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Math Help - Double Integrals

  1. #1
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    Double Integrals

    I have a couple of double integrals that I am having troubles with. I think for both of them it would be a good idea to use polar coordinates, but I am still having trouble setting them up/solving them.

    a) Double Integral (x dA), over D, where D is the region in the first quadrant that lies between the circles (x^2) + (y^2) = 4 and (x^2) + (y^2) = 2x.

    b) Find the volume of the given solid: inside the sphere (x^2) + (y^2) + (z^2) = 16 and outside the cylinder (x^2) + (y^2) = 4.

    Thanks for any help.
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  2. #2
    Member Mentia's Avatar
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    a)

    I am unsure what you mean by "x dA". I will proceed assuming there is no density function (nothing actually inside the integral besides dxdy). In this case,

    We know:

    r^2=x^2+y^2 and x = r \cos ( \theta )

    So the first circle is, in polar coordinates:
    r = 2

    The second circle is:
    r = 2 \cos (\theta)

    It helps to graph the two curves. You'll find that in the first quadrant you will be integrating from the smaller circle to the bigger circle:

    \int_{0}^{\frac {\pi}{2}} \int_{2 \cos (\theta)}^{2}rdrd\theta = \frac {\pi}{2}

    Here, theta from 0 to Pi/2 indicates the first quadrant, and r from 2 \cos (\theta) to 2 indicates you are going from the small circle to the big circle.

    This is easily checkable since we are dealing with perfect circles. If you look at the plot you see that you are subtracting half of a circle with radius 1 from 1/4 of a circle of radius 2. Thus: \frac{1}{4}\pi(2^2) - \frac{1}{2}\pi(1^2) = \frac{\pi}{2}

    Now, if you meant that you have a density function f(x) = x to integrate over, it changes things a bit:

    \int_{0}^{\frac {\pi}{2}} \int_{2 \cos (\theta)}^{2}rxdrd\theta = \int_{0}^{\frac {\pi}{2}} \int_{2 \cos (\theta)}^{2}r^2\cos (\theta)drd\theta = \frac{8}{3}-\frac{\pi}{2}
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  3. #3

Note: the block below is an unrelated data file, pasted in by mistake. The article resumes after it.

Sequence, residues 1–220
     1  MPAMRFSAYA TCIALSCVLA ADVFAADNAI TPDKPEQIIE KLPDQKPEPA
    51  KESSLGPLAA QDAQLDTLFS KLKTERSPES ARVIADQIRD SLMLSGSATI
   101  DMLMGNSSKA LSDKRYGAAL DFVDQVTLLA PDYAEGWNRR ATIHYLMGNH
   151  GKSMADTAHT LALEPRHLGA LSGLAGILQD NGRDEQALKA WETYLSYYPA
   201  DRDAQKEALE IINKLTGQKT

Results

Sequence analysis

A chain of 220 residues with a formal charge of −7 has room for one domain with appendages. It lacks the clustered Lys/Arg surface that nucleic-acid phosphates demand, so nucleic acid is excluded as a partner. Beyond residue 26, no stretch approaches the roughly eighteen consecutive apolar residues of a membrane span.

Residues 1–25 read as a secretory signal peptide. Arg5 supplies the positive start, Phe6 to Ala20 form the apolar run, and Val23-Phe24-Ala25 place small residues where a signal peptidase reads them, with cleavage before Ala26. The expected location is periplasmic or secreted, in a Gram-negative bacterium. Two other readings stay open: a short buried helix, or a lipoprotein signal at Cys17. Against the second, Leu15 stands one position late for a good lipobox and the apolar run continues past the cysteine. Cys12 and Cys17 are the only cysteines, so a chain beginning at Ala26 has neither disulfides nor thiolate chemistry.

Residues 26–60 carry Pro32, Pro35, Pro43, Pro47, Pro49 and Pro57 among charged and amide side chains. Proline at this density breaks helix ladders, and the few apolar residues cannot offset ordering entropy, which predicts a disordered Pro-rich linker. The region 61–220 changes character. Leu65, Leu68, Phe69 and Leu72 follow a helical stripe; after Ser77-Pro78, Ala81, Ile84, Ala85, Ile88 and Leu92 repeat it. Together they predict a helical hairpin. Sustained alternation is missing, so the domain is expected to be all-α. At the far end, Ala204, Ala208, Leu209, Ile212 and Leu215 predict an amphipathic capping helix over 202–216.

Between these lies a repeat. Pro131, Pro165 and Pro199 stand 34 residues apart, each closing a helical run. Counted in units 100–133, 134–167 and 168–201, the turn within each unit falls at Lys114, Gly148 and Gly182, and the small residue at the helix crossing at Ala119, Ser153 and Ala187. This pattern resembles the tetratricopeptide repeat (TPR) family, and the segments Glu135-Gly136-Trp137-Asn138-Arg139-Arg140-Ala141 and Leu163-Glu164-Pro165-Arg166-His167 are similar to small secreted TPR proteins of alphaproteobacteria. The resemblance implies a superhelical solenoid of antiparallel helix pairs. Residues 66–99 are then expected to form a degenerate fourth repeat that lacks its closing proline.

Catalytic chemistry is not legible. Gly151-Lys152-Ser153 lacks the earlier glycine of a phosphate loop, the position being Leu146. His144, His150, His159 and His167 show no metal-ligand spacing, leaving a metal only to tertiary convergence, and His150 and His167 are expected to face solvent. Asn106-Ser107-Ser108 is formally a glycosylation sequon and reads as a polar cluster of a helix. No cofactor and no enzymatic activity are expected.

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    Sorry, yes, I meant the density function is f(x) = x. Thanks for the help on part a).
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  4. #4
    Member Mentia's Avatar
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    b)

    Lets use cylindrical coordinates here.

    At what z do the cylinder and sphere meet?

    We have 16 - z^2 = 4 --> z = \pm  \sqrt[ ]{ 12}

    So now we know our limits on z. Once again,
    r^2=x^2+y^2

    So for the cylinder we have: r=2. For the sphere we have: r = \sqrt[]{16-z^2}.

    Then our integral becomes:

     \int_{0}^{2\pi }  \int_{ - \sqrt[ ]{ 12} }^{ \sqrt[ ]{12 }  }  \int_{2 }^{\sqrt[]{16-z^2}}  rdrdzd\theta = 32\,\sqrt[]{3}\pi
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  5. #5
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    For part b), what you described makes sense, but we haven't covered triple integrals or cylindrical coordinates in class yet, so I'm not completely following everything. Is it possible to do the question in polar coordinates, or is cylindrical the only method? Thanks for the help!
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  6. #6
    Member Mentia's Avatar
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    Okay so all cylindrical coordinates does it take polar coordinates into the z direction. It's like adding up a bunch of little discs of area given by polar coordinates and then multiplying by a little bit of height, dz, and integrating over that.

    Remember the equation for the volume of a cylinder:

    V = \pi r^2 h

    Notice that the volume is just the area of the base times the height. But what if the radius were non-constant? You can cut it up into small discs where the radius is constant and then add them all up.

    So if you look at a slight rearrangement of the integral from above:

    V = \int_{ - \sqrt[ ]{ 12} }^{ \sqrt[ ]{12 } } \int_{0}^{2\pi }  \int_{2 }^{\sqrt[]{16-z^2}} rdrd\theta dz = 32\,\sqrt[]{3}\pi<br />

    Notice that the inner two integrals are simply the polar coordinates area of the region between the cylinder and the sphere for a given z (radius changes as z changes, thats why the r limit has z in it).
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